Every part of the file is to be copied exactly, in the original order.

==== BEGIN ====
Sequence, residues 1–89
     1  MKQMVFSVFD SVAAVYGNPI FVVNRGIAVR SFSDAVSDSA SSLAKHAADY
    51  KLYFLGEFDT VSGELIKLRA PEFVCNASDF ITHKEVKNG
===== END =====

Sequence, residues 1–89
     1  MKQMVFSVFD SVAAVYGNPI FVVNRGIAVR SFSDAVSDSA SSLAKHAADY
    51  KLYFLGEFDT VSGELIKLRA PEFVCNASDF ITHKEVKNG